Walking Dead Issue 48 | Review
The last issue of the "No One is Safe" mini-arc, and what is a pretty representative end to one of the much larger story-arcs that has been the focus of The Walking Dead for the past twenty-something issues. The Governor's final attempt to take the prison that Rick and the gang are holed up in, continues to unravel the status-quo.
Wow...this is such a game-changer of an issue. In one fell swoop Kirkman masterfully writes a satisfying conclusion to one of the longer running story-arcs. Rick and the survivors we've been following had become sort of accustomed to living in this prison, setting up a new life for everyone. While there were some setbacks and casualties, the prison has been a sort of safe-haven for the survivors. No longer was the narrative a travel epic, spanning their adventures fighting through towns and zombies. With the introduction of the prison, The Walking Dead was given a game changer, and it shifted its gears completely. Instead of constant worrying and desperation, the survivors are given a chance to take a breather and start to rebuild. Brilliantly, Kirkman gives the survivors, and the readers too, this illusion that everything might actually be okay. Kirkman gives the reader hope, and in this issue he takes all of that away.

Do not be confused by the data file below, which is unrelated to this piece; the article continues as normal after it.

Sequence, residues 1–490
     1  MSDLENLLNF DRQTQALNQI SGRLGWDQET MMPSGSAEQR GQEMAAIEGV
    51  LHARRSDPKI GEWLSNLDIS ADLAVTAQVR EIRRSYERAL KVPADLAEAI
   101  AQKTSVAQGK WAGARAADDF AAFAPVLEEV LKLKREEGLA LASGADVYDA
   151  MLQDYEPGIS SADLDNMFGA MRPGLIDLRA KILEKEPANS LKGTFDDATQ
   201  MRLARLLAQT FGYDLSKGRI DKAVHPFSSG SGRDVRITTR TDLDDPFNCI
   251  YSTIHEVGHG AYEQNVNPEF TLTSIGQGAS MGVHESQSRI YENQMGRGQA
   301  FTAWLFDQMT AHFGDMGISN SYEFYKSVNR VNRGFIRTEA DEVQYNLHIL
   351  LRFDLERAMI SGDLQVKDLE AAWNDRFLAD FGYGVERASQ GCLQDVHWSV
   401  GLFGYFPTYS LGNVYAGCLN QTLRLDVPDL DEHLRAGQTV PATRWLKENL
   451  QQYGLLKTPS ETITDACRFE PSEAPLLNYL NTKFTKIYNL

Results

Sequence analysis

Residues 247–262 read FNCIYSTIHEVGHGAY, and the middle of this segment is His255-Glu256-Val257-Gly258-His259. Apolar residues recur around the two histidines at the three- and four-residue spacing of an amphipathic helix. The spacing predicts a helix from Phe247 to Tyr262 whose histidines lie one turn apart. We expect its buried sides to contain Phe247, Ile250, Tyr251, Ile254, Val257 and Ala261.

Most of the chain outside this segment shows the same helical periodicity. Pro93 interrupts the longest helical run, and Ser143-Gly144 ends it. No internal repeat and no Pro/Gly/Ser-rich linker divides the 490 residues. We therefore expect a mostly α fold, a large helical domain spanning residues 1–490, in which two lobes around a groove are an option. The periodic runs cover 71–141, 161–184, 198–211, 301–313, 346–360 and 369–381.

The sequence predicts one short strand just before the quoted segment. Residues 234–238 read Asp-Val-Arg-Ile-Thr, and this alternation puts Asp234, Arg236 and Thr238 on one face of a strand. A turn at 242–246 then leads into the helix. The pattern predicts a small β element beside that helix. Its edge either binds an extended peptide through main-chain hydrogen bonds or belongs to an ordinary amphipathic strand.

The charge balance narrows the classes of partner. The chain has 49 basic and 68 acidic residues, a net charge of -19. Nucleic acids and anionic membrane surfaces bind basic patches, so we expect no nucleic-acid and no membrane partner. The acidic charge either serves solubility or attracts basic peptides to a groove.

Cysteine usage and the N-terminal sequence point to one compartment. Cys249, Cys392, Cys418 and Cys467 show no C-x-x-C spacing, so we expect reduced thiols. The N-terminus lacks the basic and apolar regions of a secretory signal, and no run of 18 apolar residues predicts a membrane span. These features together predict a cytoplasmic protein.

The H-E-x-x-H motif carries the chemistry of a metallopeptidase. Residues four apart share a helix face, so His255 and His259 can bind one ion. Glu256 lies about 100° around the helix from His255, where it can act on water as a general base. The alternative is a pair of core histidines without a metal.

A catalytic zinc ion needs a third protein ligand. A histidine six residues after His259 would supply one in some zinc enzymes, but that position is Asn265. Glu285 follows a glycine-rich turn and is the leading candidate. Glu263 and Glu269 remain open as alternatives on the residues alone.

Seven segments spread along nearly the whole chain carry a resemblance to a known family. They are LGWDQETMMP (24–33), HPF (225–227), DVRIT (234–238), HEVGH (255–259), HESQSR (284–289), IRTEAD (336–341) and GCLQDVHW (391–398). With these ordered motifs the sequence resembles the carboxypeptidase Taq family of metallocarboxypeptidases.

Kirkman has been hinting at this issue several times, and hinted at the confrontation, and the fact that no one is safe...hence the title, but even though I was fully told that no one was safe; I didn't see some of this stuff coming. Quite a few major players are taken out permanently, and the remaining survivors are split up...creating an interesting twist on the narrative that I can't wait to see unfold in the oncoming issues.
The Governor, I've already had several issues with. He was an interesting character to begin with, and his turning on the survivors way back when was a genuine surprise and had me hooked. And then we were introduced to his daughter, which in and of itself gave the character a sense of morality, and hinted at something human beneath this monstrous exterior. But in one of the recent issues, Kirkman has perverted the character, involving the daughter, and turning the character into something just shy of Hitler. Naturally removing and humanity or redeemable qualities, and turning him into a somewhat one-note character. That's continued in this issue, and I became really annoyed, very quickly, with all the lucky coincidences of him avoiding certain death. At several points we're shown him just barely missing a fatal injury, with a character slipping up and shooting just near him, or a well-timed grenade just missing him and hitting a near by car. It all starts to turn into a series of red-herrings that by the time his character does actually come into some much needed confrontation, where he's actually in danger of his life, that it just felt unsatisfying.
My issues with the Governor aside, this is one of the pinnacle moments in this series, like the handful of ground-breaking, game-changing issues that have come before. At once it's a wonderful end to what has been an ingenuous and gripping story arc, while promising some really brilliant narratives still in store for the book. I can't wait to see what Kirkman has in store for us over the next few issues, and because of that I can't recommend this issue enough, especially for followers of the series.